Edgar Toernig
In reply to this post by Eric Tetz-2
Eric Tetz wrote:
> --- Edgar Toernig <[hidden email]> wrote:
> > IMHO, the additional tokens "then" and "end" only obfuscate the real
> > meaning of the statements.  I would prefer:
> 
> Well, 'end' is hard to get rid of, but 'then' is already totally unneeded
> by the compiler.  It could be made optional by tweaking one line of code,
> with zero side effects. Same goes for the "do" following "for" and "while"
> loops, totally unneeded.
> 
> I would love to see these superfluous tokens be made optional, given us a
> slightly leaner, Python-esque source.

Hehe, part of Sol's changelog:

>sol 0.61 Thu, 02 Aug 2001 03:17:36 +0200 by froese
>Version-Log:         made 'then' and 'do' optional

But later on I decided that it's a bad idea[1] exactly because that
would prohibit a later change I described in my previous posting.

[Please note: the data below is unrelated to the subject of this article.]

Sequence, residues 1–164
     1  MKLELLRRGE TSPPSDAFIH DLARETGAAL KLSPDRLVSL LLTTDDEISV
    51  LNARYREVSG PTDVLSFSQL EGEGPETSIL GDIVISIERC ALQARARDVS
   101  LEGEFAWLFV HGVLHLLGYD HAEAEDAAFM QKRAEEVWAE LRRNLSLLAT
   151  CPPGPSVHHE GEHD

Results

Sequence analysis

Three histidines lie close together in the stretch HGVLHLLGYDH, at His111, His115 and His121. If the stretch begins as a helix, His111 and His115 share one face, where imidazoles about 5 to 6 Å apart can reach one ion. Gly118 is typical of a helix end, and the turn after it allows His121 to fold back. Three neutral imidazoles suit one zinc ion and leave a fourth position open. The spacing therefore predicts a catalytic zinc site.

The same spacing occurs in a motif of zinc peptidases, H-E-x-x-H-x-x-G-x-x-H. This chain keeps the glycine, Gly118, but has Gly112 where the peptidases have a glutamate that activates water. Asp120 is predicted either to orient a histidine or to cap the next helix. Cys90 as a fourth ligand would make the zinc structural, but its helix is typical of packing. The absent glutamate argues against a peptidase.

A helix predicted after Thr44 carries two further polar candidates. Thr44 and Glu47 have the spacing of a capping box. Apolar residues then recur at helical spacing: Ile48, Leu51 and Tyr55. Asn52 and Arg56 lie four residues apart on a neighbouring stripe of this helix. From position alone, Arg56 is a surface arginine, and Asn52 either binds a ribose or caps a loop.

I.e. if someday I decide that a semicolon is a required statement
terminator I could implement single statement if's, while's, and for's.
But when 'do' and 'then' are already optional you cannot decide any
more whether it's a short or long form.

Ciao, ET.


[1] ... but forgot to undo it.

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Re: syntax likes and dislikes (RE: Evaluating LUA)

Kelmar K. Firesun
In reply to this post by John Passaniti-4
----- Original Message ----- 
From: "John Passaniti" <[hidden email]>
To: "Multiple recipients of list" <[hidden email]>
Sent: Monday, August 12, 2002 3:09 PM
Subject: RE: syntax likes and dislikes (RE: Evaluating LUA)


> > Well, 'end' is hard to get rid of, but 'then'
> > is already totally unneeded by the compiler.  
> > It could be made optional by tweaking one line 
> > of code, with zero side effects. Same goes for 
> > the "do" following "for" and "while" loops, 
> > totally unneeded.
> 
> I had always just assumed that 'DO' and 'THEN' were necessary because of
> some ambiguity regarding parsing the conditional expression prior to it.
> But after reading your message, I looked deeper and found that DO and
> THEN do indeed seem superfluous.  
> 

] ... SNIP ... [

I've always had the mind set that the "IF test THEN action END"